Students around the world rally to press politicians to take action on climate change. This climate strike involves more than 100 countries. The group at Sydney’s Town Hall square spilled out into George and Bathurst streets, thousands of gatherings to push for activity on environmental change. As a mammoth inflatable Earth was thumped around the square, chants of “hey hey, ho, Adani’s mine must go” and “Climate action now” resonated through the city.
Angela Clark went to the challenge with her daughter, Analise Hoatson, 14, from Cammeray High School. She didn’t share the worry of commentators who criticized the youngsters missing their school.
Presently, students are assembling their aggregate voices in an organized worldwide school walkout, called Youth Strike 4 Climate. Up until this point, strikes are arranged in right around 1,700 towns and urban communities in more than 100 different nations.
Seo gyung Kim, a secondary school student in the South Korean capital, Seoul, came to environmental change activism by means of nuclear power protests. Some positive steps have been taken. Kim is satisfied that the city of Seoul is outfitting one million family units with solar panels and that last year, a floating sun farm- the span of three football pitches was built up. Kim trusts that South Koreans are not doing what’s needed to handle environmental change since they accept it is an issue for the future.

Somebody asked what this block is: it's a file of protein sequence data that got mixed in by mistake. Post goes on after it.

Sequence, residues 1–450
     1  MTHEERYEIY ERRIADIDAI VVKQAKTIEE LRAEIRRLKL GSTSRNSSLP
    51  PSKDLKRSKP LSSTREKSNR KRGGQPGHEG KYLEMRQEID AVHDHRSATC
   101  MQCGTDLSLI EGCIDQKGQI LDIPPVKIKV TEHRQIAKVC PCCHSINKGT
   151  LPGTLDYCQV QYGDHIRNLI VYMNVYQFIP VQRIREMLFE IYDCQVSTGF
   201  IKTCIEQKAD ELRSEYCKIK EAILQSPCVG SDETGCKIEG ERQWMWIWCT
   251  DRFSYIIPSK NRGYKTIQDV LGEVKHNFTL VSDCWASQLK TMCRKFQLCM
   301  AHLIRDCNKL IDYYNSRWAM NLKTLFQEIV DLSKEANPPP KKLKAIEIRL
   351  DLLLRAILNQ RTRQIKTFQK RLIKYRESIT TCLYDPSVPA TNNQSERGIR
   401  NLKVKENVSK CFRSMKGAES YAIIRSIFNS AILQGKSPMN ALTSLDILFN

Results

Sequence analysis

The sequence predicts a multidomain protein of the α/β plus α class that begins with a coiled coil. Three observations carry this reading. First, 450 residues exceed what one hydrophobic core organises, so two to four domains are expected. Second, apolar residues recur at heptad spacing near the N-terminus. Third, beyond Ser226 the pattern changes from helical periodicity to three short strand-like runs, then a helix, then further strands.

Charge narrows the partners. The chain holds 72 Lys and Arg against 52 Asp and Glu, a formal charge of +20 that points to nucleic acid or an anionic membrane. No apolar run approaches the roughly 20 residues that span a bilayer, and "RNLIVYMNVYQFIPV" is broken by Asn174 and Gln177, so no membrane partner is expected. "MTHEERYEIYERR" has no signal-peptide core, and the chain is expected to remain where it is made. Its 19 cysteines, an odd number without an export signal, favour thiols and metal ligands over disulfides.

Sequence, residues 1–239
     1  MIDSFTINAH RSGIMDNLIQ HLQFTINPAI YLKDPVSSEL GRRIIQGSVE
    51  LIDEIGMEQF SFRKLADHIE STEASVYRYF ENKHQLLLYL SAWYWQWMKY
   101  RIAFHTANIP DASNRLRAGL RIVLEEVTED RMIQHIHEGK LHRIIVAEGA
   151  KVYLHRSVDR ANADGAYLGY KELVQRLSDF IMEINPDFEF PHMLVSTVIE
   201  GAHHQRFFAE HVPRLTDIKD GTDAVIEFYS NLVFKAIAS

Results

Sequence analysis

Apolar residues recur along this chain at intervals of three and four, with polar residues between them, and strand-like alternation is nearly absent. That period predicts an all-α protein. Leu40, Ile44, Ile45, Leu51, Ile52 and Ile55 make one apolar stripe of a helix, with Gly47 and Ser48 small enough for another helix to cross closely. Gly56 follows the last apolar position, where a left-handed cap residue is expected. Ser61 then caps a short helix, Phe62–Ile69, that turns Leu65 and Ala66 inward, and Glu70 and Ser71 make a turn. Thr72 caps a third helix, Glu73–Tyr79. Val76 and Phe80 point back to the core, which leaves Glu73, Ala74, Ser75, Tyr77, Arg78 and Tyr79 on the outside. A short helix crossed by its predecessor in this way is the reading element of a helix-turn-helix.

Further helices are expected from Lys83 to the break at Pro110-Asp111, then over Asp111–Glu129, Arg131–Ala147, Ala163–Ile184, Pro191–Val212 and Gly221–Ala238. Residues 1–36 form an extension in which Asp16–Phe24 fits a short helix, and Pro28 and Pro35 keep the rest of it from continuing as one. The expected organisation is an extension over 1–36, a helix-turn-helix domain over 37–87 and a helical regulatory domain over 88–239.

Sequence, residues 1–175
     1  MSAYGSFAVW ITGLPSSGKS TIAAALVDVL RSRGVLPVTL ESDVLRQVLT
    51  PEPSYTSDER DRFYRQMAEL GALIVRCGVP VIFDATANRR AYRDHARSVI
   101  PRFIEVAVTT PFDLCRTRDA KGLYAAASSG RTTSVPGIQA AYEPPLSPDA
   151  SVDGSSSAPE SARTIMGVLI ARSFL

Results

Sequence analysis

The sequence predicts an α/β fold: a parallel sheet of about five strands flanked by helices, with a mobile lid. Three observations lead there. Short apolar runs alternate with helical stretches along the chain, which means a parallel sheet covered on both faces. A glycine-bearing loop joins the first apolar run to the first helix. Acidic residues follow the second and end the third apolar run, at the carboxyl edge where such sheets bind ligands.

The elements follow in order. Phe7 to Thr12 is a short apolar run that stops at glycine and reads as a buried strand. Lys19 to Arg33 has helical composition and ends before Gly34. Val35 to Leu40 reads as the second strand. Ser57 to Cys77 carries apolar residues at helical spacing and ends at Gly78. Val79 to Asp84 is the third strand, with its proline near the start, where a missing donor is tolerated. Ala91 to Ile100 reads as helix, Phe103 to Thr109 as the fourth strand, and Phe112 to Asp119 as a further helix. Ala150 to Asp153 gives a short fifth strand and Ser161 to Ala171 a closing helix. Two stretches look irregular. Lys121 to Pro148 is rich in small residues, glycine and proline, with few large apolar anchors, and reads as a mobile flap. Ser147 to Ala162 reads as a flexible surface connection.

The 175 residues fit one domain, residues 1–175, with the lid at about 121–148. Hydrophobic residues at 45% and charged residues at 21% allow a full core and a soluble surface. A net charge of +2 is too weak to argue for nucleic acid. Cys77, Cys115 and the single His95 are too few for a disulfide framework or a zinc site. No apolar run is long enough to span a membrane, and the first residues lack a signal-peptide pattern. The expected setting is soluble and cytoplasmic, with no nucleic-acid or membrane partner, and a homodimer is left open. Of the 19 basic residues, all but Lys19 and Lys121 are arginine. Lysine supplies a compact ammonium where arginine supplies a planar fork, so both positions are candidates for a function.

Shaama Sandooyea, lives on a little island off the shore of Africa. She is concentrating for a degree in marine natural sciences – credits her education for motivating her activism. In Mauritius, youngsters feel more stressed over environmental change than more seasoned ages since they find out about it in school and understand the risk, she says. However, there has never been an atmosphere strike in Mauritius previously and “no one knew where to begin.” Sandooyea stepped up: she reached strike coordinators in Europe for guidance, set up a Facebook page and began spreading the message out.
It is possible to curb out global warming, all that is needed is to take immediate action now. It is necessary to reduce emissions to 50% by the year 2030 and stop coal mines.
Claude Denni was born and raised in San Jose. Claude has worked as a journalist for nearly a decade having contributed to several large publications including the Daily Democrat here in Californiar and NPR. As a journalist for Coastal Morning Star, Claude covers national and international developments.